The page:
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Saturday, 24 February, 2001, 11:02 GMT
Namibia reveals Congo diamond role
Namibian soldiers
The Namibian army supports Congo's Government
Namibia has admitted to having diamond interests in the Democratic Republic of Congo, where Namibian troops have been helping the government in its war against rebels.

Correspondents say the revelation provides a clue to the reasons for Namibia's involvement in DR Congo - a country where Windhoek has no clear strategic interest.

The Office of the Prime Minister has all along never denied that the government has a diamond mine

Prime Ministerial aide Sacky Shanghala

The Namibian army chief and high-ranking officials in the Defence and Trade and Industry are reportedly among the directors of the Namibian company which owns a mine in the south of DR Congo.

The prime minister's office said on Friday that the government had never denied its involvement in mining in DR Congo. Officials denied rumours that President Sam Nujoma was personally involved in the venture.

Zimbabwe's Government - which has provided the majority of the foreign military support enjoyed by Kinshasa - also has diamond interests in DR Congo.

Parastatal company

Sacky Shanghala, the special assistant to Prime Minister Hage Geingob, confirmed Nambia's involvement following earlier statements by Mines and Energy Minister Jesaya Nyamu, published in the Republikein newspaper.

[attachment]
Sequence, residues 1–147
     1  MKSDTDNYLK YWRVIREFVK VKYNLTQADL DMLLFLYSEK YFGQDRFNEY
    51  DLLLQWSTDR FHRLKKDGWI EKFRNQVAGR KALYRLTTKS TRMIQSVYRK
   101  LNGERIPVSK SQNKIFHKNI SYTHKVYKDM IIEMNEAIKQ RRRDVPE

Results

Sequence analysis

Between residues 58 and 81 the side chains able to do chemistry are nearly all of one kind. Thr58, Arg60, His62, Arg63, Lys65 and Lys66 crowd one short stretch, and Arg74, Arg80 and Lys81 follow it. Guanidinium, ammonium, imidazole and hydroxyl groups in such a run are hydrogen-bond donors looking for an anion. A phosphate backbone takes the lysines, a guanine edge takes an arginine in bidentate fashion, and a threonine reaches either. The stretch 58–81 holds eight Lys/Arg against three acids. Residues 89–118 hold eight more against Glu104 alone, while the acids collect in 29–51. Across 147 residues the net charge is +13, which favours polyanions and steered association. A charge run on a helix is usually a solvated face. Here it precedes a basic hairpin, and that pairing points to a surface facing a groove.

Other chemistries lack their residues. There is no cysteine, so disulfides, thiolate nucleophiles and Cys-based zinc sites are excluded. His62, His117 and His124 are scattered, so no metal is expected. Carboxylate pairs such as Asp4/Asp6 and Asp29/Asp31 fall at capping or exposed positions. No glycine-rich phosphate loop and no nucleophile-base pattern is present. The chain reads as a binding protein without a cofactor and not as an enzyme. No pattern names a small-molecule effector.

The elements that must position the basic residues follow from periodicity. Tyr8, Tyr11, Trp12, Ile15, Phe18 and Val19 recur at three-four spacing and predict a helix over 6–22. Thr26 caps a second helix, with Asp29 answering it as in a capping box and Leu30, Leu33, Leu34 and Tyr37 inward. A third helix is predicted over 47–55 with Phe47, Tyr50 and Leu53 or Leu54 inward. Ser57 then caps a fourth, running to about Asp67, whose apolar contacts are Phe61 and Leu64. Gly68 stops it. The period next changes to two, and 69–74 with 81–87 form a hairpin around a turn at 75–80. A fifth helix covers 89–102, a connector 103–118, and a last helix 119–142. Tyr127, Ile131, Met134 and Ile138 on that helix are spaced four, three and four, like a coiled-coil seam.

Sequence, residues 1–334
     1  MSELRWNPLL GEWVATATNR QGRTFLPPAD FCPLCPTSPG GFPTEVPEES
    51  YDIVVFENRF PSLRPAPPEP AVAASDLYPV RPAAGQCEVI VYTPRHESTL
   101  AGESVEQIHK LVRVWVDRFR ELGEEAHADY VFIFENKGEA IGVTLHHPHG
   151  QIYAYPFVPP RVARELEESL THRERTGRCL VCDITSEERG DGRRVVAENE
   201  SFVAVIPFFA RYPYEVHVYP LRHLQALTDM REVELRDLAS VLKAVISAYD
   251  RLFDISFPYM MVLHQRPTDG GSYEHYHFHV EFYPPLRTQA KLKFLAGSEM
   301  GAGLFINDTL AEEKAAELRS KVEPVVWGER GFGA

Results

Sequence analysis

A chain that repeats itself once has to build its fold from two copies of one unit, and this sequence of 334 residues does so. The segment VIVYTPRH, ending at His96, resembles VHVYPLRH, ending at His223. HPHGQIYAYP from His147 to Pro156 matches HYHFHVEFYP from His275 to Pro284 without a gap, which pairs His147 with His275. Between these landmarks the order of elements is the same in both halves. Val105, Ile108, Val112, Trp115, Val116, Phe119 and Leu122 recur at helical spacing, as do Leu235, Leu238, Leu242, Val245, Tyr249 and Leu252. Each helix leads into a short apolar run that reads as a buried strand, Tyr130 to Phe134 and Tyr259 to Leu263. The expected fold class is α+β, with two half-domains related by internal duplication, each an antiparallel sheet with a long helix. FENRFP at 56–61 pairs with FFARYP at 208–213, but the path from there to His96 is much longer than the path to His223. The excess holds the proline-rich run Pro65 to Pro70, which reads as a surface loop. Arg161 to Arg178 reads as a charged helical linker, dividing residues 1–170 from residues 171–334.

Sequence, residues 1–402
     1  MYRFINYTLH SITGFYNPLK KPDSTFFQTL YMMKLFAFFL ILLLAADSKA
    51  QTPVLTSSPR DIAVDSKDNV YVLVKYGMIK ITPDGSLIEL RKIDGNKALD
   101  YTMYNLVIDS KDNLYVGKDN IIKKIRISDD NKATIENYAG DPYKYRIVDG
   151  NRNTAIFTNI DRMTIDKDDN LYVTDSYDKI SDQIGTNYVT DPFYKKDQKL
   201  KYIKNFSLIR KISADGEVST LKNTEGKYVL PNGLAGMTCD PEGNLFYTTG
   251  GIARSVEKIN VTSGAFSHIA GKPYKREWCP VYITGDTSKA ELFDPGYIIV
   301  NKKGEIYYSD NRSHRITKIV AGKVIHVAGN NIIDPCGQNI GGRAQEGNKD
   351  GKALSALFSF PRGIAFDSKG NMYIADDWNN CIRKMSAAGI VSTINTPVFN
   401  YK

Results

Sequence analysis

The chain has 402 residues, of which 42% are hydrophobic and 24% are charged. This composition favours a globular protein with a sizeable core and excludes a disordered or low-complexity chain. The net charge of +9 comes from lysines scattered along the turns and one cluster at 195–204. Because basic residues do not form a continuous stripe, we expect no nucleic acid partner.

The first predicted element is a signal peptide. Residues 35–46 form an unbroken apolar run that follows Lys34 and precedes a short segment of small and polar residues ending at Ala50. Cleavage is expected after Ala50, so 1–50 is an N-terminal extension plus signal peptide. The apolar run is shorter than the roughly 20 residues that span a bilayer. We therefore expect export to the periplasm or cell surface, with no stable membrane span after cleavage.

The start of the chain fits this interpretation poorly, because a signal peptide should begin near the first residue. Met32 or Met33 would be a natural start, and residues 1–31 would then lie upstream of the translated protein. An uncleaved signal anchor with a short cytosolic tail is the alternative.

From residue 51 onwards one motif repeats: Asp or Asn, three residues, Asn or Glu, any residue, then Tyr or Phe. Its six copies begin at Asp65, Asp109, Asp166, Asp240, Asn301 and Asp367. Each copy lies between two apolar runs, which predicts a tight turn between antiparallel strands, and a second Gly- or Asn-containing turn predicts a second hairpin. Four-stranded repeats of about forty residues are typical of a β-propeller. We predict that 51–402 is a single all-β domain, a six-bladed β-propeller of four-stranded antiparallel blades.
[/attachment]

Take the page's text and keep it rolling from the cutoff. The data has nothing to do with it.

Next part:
Prime Minister Hage Geingob
Prime Minister Geingob: Office confirmed reports of government's diamond interests
"The Office of the Prime Minister has all along never denied that the government has a diamond mine," Mr Shanghala said.

"But we have denied, categorically, and I will repeat that denial, that the President owns a diamond mine in the DRC."

Mr Shanghala said the mine had been put in the hands of a state-owned company known as the August 26 Company, under the auspices of the Ministry of Defence.

The independent newspaper The Namibian named the directors as:

  • the Permanent Secretary in the Ministry of Defence, Erastus Negonga (chairman)
  • T Lamek
  • David Shimwino
  • Permanent Secretary in the Ministry of Trade and Industry Andrew Ndishishi
  • army chief Major General Martin Shalli
  • Deputy Police Inspector General Fritz Nghiishililwa
  • retired Police Inspector General Raonga Andima.

David Shimwino was one of three Namibians detained by Russian gem traders in DR Congo in 1999 following a disagreement over a diamond deal.

President Nujoma intervened to help secure the release of the three - an act which prompted speculation that he might have a personal interest in the diamond trade.

The Namibian-owned operation reportedly comprises a 25sq km mining concession some 45km south of Tshikapa, near the Angolan border in in DR Congo's Western Kasai province.

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See also:

23 Feb 01 | Africa
Congo pull-back plan welcomed
25 Jul 00 | Africa
Mugabe's costly Congo venture
26 May 00 | Business
African diamond group to float
08 Jan 01 | Country profiles
Country profile: Namibia
19 Jul 00 | Europe
Traders ban conflict diamonds
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